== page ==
Interestingly, both Besser and Brennan are anti-terror experts. Excuse me for asking, but is there anyone in government at the moment who might be like, you know, an expert on the flu? I’m sure both men are competent public servants, but for the love of Mike, given all the holes in Obama’s health team, it may have been a confidence builder if we had seen a doctor taking questions. Don’t we have a surgeon general or something that’s supposed to do stuff like that?
Well, no, not exactly. We almost had a surgeon general, but Sanjay Gupta declined the honor. I guess he figured there were enough CNN personnel already on the White House payroll.
No HHS secretary, no top department heads at the agency, no permanent director at CDC, no surgeon general, and in charge of this flu emergency is a rather dense, but well-meaning secretary of homeland security who looks under her bed every night for fascists, neo-Nazis, Kluxers, and veterans returning from the wars who she believes will go rogue and join the militia movement.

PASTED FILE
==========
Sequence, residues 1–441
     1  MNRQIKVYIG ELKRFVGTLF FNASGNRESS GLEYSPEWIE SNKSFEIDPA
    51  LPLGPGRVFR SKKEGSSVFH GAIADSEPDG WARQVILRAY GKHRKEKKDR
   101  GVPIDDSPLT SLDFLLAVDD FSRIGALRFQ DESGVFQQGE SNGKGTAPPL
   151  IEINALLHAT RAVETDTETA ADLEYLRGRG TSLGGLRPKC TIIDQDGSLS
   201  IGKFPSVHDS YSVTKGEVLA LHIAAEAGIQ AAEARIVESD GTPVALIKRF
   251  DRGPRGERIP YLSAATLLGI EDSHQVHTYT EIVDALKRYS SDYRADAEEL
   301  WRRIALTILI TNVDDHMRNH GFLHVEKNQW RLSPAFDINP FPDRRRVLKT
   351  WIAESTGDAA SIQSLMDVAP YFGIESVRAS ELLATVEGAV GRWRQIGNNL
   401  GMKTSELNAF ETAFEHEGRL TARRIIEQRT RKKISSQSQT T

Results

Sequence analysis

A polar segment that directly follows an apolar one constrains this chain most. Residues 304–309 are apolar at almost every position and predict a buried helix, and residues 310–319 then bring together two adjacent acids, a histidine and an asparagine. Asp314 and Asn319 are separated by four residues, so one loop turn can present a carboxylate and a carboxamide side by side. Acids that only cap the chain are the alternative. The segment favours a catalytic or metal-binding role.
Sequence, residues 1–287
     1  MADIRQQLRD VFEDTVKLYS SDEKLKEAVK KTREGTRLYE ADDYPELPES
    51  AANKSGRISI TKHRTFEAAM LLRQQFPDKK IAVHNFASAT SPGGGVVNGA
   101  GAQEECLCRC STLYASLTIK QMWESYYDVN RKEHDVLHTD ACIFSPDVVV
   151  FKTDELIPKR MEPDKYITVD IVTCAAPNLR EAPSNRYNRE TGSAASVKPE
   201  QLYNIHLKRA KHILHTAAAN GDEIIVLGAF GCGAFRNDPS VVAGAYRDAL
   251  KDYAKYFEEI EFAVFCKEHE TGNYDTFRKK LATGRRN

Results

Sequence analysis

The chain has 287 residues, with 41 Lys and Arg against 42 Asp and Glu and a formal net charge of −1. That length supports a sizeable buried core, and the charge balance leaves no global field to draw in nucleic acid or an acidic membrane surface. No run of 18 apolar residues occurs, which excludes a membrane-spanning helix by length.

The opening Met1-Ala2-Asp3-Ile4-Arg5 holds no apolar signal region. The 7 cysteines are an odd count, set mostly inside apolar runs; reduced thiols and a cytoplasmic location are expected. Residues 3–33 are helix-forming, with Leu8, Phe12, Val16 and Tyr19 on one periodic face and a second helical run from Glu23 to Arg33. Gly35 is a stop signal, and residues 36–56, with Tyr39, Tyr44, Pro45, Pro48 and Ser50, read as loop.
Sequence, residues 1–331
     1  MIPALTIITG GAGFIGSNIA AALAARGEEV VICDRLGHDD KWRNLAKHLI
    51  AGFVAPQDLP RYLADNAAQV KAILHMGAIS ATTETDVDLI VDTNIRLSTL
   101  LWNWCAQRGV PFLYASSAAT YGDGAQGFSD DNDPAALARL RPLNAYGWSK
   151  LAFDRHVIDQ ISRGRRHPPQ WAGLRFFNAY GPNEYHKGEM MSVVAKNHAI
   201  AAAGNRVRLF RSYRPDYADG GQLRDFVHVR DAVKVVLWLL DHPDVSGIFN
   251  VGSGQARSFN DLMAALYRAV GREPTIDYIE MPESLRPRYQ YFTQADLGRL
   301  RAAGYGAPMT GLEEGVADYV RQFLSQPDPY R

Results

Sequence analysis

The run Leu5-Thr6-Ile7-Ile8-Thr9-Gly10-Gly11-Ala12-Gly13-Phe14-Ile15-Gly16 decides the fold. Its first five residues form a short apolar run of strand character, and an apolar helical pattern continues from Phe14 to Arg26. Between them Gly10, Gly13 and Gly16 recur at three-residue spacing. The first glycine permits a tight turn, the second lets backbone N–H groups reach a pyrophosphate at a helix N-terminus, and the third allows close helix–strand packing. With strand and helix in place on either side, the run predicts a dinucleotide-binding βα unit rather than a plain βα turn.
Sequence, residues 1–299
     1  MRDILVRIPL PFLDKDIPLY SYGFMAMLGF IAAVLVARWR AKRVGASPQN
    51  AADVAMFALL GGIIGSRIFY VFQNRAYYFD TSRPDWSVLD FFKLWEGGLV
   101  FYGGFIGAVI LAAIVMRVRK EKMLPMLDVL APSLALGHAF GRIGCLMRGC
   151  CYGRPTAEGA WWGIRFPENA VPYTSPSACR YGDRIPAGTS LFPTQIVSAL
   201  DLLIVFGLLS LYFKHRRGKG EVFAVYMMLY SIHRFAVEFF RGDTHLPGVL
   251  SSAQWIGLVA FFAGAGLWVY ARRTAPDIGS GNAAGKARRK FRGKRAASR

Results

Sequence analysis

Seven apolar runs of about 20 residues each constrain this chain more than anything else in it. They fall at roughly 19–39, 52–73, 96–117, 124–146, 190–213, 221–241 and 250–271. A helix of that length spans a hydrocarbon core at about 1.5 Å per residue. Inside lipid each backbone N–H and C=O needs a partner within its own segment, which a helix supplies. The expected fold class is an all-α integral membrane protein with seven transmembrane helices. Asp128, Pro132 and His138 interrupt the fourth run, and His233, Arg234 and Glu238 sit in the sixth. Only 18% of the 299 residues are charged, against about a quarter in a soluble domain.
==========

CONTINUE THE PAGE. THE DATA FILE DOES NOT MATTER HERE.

Come to think of it, maybe if we told Napolitano that swine flu was a right-wing extremist plot hatched by abortion foes and anti-illegal immigration activists, she’d have the government whipped into shape to face this crisis in no time.
So Obama and his half-government seem to be doing all they can to both scare people to death and downplay the crisis. Nice trick if you can pull it off. But they aren’t, so it’s now time for plan B — and that’s “B” for “Blame the Republicans.”
The left-wing netnuts are getting very good at turning tragedy and crisis into a political football that bounces to their advantage. You will recall that the hurricane strength winds had barely died down in New Orleans when the liberal blogosphere erupted in anguish over the slowness of the federal government’s response to the disaster. And in the following days, a reason was found for the government’s tardiness: George W. Bush hated black people and wanted them to die.